According to a new study, the link between early poverty and poor mental health might be partly explained by a hormonal mechanism. This mechanism is proposed to interfere with hippocampal development and lead to disrupted emotion regulation. The findings were published in the Proceedings of the National Academy of Sciences.
Early poverty has been established as a risk factor for developmental issues and has been tied to psychological impairment in childhood and adulthood. Intervention strategies to address these consequences early on are needed. Deanna M. Barch, the Gregory B. Couch Professor of Psychiatry at Washington University, and her colleagues note that in order to design effective interventions, researchers first need to understand the mechanisms behind the link between early poverty and impaired mental health.
The researchers proposed that the hippocampus, a major brain structure situated in the temporal lobe, might be implicated in this pathway. There is evidence that early adversity is linked to dysfunction in the hippocampus, with some studies pointing to decreased hippocampal volume and altered connectivity in the hippocampus. In turn, hippocampal dysfunction has been linked to emotional dysregulation problems and increased risk of depression.
“We know that there is a relationship between children’s early exposure to poverty and deprivation and brain development, but we know less about the reasons why this occurs. Ideally we would simply ensure that no children experience poverty,” Barch told PsyPost. “However, while we are working on this larger society issue, determine how early poverty influences brain development may help us develop ways to reduce the negative impact of poverty.”
The researchers proposed a pathway whereby stress affects the testosterone and dehydroepiandosterone (DHEA) hormones through modulation of the hypothalamic–pituitary–gonadal (HPG) axis. This dysregulation of hormones may then disrupt hippocampal development, leading to impaired emotion regulation and greater risk of depression.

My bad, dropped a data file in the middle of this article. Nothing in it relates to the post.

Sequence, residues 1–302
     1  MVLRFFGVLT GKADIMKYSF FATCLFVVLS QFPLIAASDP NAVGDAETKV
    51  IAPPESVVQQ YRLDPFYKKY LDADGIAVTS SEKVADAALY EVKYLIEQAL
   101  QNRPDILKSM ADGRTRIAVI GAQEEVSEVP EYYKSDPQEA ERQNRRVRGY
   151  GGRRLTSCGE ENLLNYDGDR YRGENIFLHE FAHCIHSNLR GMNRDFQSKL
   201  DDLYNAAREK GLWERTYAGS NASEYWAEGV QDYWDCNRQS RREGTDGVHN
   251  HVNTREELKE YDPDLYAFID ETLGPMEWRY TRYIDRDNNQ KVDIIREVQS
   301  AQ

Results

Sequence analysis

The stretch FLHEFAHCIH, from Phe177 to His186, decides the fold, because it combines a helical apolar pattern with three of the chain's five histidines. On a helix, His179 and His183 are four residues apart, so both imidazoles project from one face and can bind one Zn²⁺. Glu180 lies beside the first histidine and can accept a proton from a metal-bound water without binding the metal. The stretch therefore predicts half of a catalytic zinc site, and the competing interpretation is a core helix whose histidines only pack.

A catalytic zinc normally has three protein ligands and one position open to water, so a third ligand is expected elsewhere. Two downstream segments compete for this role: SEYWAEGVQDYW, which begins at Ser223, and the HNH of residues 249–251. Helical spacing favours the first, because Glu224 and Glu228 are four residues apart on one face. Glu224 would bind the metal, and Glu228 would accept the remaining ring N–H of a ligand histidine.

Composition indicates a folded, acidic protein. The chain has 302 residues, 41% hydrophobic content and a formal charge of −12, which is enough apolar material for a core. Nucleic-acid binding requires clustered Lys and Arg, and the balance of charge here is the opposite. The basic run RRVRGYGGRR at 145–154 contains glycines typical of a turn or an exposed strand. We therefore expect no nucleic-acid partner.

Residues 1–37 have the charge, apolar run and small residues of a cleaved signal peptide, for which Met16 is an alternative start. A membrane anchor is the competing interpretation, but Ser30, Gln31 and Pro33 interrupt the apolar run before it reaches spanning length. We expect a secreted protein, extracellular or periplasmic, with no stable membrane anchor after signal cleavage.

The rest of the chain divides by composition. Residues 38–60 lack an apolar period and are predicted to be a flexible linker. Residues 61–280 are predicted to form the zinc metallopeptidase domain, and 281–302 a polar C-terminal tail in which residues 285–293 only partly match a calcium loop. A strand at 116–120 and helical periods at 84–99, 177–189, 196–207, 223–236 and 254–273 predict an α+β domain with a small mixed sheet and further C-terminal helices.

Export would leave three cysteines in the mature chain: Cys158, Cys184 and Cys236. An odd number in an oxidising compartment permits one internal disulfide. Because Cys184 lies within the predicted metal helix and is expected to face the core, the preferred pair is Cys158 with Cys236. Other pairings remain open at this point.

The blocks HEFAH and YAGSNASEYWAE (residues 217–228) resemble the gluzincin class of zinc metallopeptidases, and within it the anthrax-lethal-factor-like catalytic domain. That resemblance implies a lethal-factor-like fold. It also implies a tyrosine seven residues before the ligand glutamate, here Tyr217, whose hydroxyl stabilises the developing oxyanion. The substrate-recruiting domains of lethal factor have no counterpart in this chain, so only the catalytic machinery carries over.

The researchers tested this theory using longitudinal data from an ongoing brain development study involving youth who had been followed since preschool age. The youth had undergone up to four brain imaging scans, four testosterone and DHEA saliva tests, and up to nine assessments of depression and emotion regulation. The researchers focused on subjects with hormonal data, hippocampal volume data, and data concerning poverty level at the start of the study. This left a final sample of 167 youth.
Through a series of analyses, Barch and her team found that early poverty did predict shallower increases in testosterone throughout adolescence, even when accounting for early depression. Early poverty also predicted higher depression scores and worse emotion regulation scores at the last assessment, when the youth were an average of 15 years old. Early poverty did not appear to affect DHEA.
Furthermore, there was evidence that testosterone slopes and mental health outcomes were linked. Steeper increases in testosterone over the years were associated with larger increases in hippocampal growth, as well as decreased emotion dysregulation and lower depression at the last assessment. Finally, it appeared that larger hippocampal volume growth across time was also tied to better emotion regulation.
Through mediation analysis, the researchers found that the effects of early poverty on depression disappeared when taking into account the hippocampal volume slope, the testosterone slope, and emotion dysregulation. This suggests that the relationship between early poverty and youth depression was fully explained by the pathway they proposed where testosterone affects hippocampal volume, which in turn affects emotional dysregulation.
“There are likely many reasons why early poverty is related to children’s brain development and mental health. One of those ways may be through having an impact on hormonal systems that in turn have an impact on the development of brain regions such as the hippocampus that are important for emotion regulation and depression,” Barch explained.
Barch and her team noted that there are likely many ways that early poverty contributes to poor mental health outcomes — possibly involving poor education, poor nutrition, and family circumstances. Their study proposes a hormonal pathway that might be one piece of this puzzle.
“It is difficult in research with humans to make strong claims about causation because we would never want to deliberately exposure children to negative environments. Thus, our research is still primarily about ‘associations’ and we need to do more work to determine causal relationships,” Barch said.
“One way to do this ethically in humans is to focus on enhancement and prevention — if you do things to reduce poverty or adversity in children, can you show that this enhances brain development and reduces the risk for mental health problems later in life. I think there are the next types of studies that we need to do. We know quite a bit now about what is associated with challenges and problems for children — now we need to show what can help and how to prevent negative outcomes!”
The study, “Testosterone and hippocampal trajectories mediate relationship of poverty to emotion dysregulation and depression”, was authored by Deanna M. Barch, Elizabeth A. Shirtcliff, Nourhan M. Elsayed, Diana Whalen, Kirsten Gilbert, Alecia C. Vogel, Rebecca Tillman, and Joan L. Luby.